Lludd Llaw Ereint

Lludd Llaw Ereint, also known as “Lludd of the Silver Hand,” is a legendary hero from Welsh mythology, believed to be the source of the figure King Lud in Geoffrey of Monmouth’s History of the Kings of Britain. As Nudd Llaw Ereint, his earlier name, which is cognate with the Irish Nuada Airgetlám and connected to the Romano-British deity Nodens, he is the father of Gwyn ap Nudd. His father is Beli Mawr, son of Manogan.

In the Mabinogion tale of Lludd and Llefelys, Lludd reigns as the king of Britain, while his brother Llefelys rules Gaul. Lludd seeks Llefelys’ assistance to rid Britain of three plagues plaguing the kingdom.

The plagues of Lludd’s reign

The first plague involves the Coranians, a dwarf-like race from Asia, possibly representing the Romans.

The second plague features white and red dragons, symbolizing the conflict between the Brythons and Anglo-Saxon invaders. The dragons’ tumultuous battles cause devastation until they are captured and buried at Dinas Emrys in Snowdonia.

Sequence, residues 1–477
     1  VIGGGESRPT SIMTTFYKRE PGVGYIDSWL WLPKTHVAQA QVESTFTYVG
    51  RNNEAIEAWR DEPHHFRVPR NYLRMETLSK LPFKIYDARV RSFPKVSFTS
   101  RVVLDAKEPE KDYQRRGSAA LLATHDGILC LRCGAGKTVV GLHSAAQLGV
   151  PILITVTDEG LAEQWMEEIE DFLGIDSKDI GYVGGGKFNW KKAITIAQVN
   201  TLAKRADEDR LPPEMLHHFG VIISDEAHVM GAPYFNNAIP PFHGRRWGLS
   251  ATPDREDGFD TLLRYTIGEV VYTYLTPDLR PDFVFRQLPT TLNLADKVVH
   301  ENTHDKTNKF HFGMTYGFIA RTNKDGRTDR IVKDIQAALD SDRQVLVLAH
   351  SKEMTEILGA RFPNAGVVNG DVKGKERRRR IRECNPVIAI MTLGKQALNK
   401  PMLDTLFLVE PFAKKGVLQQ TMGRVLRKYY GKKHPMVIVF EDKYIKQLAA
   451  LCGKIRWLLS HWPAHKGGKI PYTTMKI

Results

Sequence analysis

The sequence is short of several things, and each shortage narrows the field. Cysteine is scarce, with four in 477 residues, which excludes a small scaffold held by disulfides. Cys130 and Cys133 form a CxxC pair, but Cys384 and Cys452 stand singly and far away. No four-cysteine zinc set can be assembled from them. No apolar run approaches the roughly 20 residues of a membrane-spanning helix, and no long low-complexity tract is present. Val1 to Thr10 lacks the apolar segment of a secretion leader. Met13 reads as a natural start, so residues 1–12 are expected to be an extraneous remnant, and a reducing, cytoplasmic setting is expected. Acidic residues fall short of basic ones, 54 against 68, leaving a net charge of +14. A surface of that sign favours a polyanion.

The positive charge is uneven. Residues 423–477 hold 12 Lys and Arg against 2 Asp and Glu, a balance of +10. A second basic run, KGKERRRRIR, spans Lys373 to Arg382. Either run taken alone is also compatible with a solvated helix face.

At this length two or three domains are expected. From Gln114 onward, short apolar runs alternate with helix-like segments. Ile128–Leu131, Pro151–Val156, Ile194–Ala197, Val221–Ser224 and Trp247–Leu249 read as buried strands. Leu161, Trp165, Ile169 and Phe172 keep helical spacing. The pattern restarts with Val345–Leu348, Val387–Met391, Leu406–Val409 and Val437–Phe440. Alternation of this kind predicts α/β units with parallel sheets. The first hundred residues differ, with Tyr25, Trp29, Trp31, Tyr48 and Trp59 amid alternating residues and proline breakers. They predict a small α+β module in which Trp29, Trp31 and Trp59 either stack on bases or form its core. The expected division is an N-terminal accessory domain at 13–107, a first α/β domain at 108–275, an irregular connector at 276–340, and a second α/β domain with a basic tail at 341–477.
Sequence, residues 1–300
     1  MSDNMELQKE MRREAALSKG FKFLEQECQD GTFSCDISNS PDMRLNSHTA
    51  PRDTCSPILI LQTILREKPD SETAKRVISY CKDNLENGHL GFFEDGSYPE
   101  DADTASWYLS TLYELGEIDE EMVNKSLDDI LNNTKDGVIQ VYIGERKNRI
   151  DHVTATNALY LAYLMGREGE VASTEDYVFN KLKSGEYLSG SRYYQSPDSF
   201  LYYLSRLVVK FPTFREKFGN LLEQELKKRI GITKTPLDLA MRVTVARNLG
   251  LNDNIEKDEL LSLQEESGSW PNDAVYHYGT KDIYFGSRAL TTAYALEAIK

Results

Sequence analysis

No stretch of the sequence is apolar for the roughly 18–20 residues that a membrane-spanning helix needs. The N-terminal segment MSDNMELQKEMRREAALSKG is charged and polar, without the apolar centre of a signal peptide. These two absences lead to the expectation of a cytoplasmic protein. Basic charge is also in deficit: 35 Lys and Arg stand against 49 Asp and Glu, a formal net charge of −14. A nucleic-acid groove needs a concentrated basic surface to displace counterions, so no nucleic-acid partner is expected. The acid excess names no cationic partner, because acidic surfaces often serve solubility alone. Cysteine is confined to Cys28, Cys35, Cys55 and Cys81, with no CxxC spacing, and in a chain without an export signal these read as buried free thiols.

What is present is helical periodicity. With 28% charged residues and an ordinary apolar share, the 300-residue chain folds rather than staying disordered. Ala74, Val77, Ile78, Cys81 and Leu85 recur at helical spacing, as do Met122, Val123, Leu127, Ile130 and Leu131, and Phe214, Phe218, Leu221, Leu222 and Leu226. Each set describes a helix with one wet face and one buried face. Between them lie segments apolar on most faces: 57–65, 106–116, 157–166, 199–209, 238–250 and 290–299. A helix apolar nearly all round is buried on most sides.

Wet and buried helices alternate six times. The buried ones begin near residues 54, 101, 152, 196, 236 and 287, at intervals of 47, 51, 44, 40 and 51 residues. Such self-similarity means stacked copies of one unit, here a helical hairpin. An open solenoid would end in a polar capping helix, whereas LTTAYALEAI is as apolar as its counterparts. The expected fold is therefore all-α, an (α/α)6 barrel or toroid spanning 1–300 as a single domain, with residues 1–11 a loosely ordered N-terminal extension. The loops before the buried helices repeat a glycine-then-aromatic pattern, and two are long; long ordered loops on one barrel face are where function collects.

The third plague involves a giant thief who steals food and provisions from Lludd’s court. Lludd, with the aid of cold water to resist the thief’s sleep-inducing magic, confronts and overcomes the thief, eventually making him a loyal vassal.


The name “Nudd Llaw Ereint” likely evolved into “Llud Llaw Ereint” through alliteration. “Llaw Ereint” translates to “of the Silver Hand,” with “ereint” possibly denoting a silver cup or bowl. The epithet “Silver-handed” reflects Lludd’s legendary attribute, and his name holds connections to ancient Celtic and Indo-European roots related to acquisition and utilization.

Lludd is usually equated with Nudd, due to the similarity of name, and Lludd’s name “Silver-Hand,” which corresponds with the Irish god Nuada, who is equivalent to the Romano-British Nodens. Nudd is considered a war god, as is Nuada. Sometimes, Llefelys is equated with Lugh Lamhada (Lugh of the Long Arm), based on similarity of name, though not of attribute. His story also parallels that of The Second Battle of Magh Turedh, wherein Lugh plays the role of Llefelys (sometimes spelled Lleuelys).